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oxidecomputer
299 Stars 23 Forks Apache License 2.0 103 Commits 30 Opened issues

Description

expose REST APIs from a Rust program

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= Dropshot

image::https://github.com/oxidecomputer/dropshot/workflows/Rust/badge.svg[]

Dropshot is a general-purpose crate for exposing REST APIs from a Rust program. For more, see the https://docs.rs/dropshot/[online Dropshot documentation]. You can build the documentation yourself with:

[source,text]

$ cargo +nightly doc

== Contributing

For maintainers (e.g., publishing new releases and managing dependabot), see link:./MAINTAINERS.adoc[MAINTAINERS.adoc].

=== Building and testing

You can build and run the whole test suite with

cargo test
. The test suite runs cleanly and should remain clean.

=== Code formatting and lint

Dropshot works with stable Rust versions, but for consistency the code is formatted with a specific version of

rustfmt
. To contribute to Dropshot, you will need to have installed the
nightly-2021-03-25
version of the Rust toolchain:

$ rustup install nightly-2021-03-25

You can then format the code using

cargo +nightly-2021-03-25 fmt
or
rustfmt +nightly-2021-03-25
. Make sure to run this before pushing changes. The CI uses this version of
rustfmt
to check that the code is correctly formatted.

https://github.com/rust-lang/rust-clippy[Clippy] is used to check for common code issues. (We disable the style checks.) You can run it with

cargo clippy
. CI will run clippy as well.

== Configuration reference

=== Dropshot servers

Dropshot servers use a TOML configuration file. Supported config properties include:

[cols="1,1,1,3",options="header"] |=== |Name |Example |Required? |Description

|

bind_address
|
"127.0.0.1:12220"
|Yes |Specifies that the server should bind to the given IP address and TCP port. In general, servers can bind to more than one IP address and port, but this is not (yet?) supported.

|===

=== Logging

Dropshot provides a small wrapper to configure a slog-based Logger. You can use this without using the rest of Dropshot. Logging config properties include:

[cols="1,1,1,3",options="header"] |=== |Name |Example |Required? |Description

|

mode
|
"file"
|Yes |Controls where server logging will go. Valid modes are
"stderr-terminal"
and
"file".  If the mode is
"stderr-terminal"
, human-readable output, with colors
and other terminal formatting if possible, will be sent to stderr.  If the mode
is
"file"
, Bunyan-format output will be sent to the filesystem path given by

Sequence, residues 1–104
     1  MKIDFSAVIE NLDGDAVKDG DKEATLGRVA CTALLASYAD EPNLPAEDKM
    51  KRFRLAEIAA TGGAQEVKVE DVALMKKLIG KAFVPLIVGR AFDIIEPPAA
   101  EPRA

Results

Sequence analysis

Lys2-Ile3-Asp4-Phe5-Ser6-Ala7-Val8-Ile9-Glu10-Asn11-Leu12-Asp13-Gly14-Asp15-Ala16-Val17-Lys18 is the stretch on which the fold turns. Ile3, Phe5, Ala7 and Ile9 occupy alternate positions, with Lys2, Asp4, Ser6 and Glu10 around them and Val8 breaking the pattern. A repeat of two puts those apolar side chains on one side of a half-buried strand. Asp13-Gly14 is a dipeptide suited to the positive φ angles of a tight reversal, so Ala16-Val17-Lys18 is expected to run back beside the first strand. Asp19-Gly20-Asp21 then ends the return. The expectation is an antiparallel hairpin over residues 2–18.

log.path
.  See also
log.if_exists`, which controls the behavior if the destination path already exists.

|

level
|
"info"
|Yes |Specifies what severity of log messages should be included in the log. Valid values include
"trace"
,
"debug"
,
"info"
,
"warn"
,
"error"
, and
"critical"
, which are increasing order of severity. Log messages at the specified level and more severe levels will be included in the log.

|

path
|
"logs/server.log"
|Only if
log.mode = "file"
|If
log.mode
is
"file"
, this property determines the path to the log file. See also
log.if_exists
.

|

if_exists
|
"append"
|Only if
log.mode = "file"
|If
log.mode
is
"file"
, this property specifies what to do if the destination log file already exists. Valid values include
"append"
(which appends to the existing file),
"truncate"
(which truncates the existing file and then uses it as though it had just been created), and
"fail"
(which causes the server to exit immediately with an error).

|===

== Design notes

=== Why is there no way to add an API handler function that runs on every request?

In designing Dropshot, we've tried to avoid a few problems we found with frameworks we used in the past. Many (most?) web frameworks, whether in Rust or another language, let you specify a chain of handlers for each route. You can usually specify some handlers that run before or after every request, regardless of the route. We found that after years of evolving a complex API server using this approach, it can get quite hard to follow the control flow for a particular request and to understand the implicit dependencies between different handlers within the chain. This made it time-consuming and error-prone to work on these API servers. (For more details, see https://github.com/oxidecomputer/dropshot/issues/58#issuecomment-713175039[the discussion in issue 58].)

With Dropshot, we wanted to try something different: if the primary purpose of these handlers is to share code between handlers, what if we rely instead on existing mechanisms -- i.e., function calls. The big risk is that it's easy for someone to accidentally forget some important function call, like the one that authenticates or authorizes a user. We haven't gotten far enough in a complex implementation to need this yet, but the plan is to create a pattern of utility functions that return typed values. For example, where in Node.js you might add an early authentication handler that fills in

request.auth
, with Dropshot you'd have an authentication function that returns an
AuthzContext
struct. Then anything that needs authentication consumes the
AuthzContext
as a function argument. As an author of a handler, you know if you've got an
AuthzContext
available and, if not, how to get one (call the utility function). This composes, too: you can have an authorization function that returns an
AuthnContext
, and the utility function that returns one can consume the
AuthzContext
. Then anything that requires authorization can consume just the
AuthnContext
, and you know it's been authenticated and authorized (possibly with details in that structure).

It's early, and we may find we need richer facilities in the framework. But we're hopeful this approach will make it faster and smoother to iterate on complex API servers. If you pick up Dropshot and try this out, let us know how it goes!

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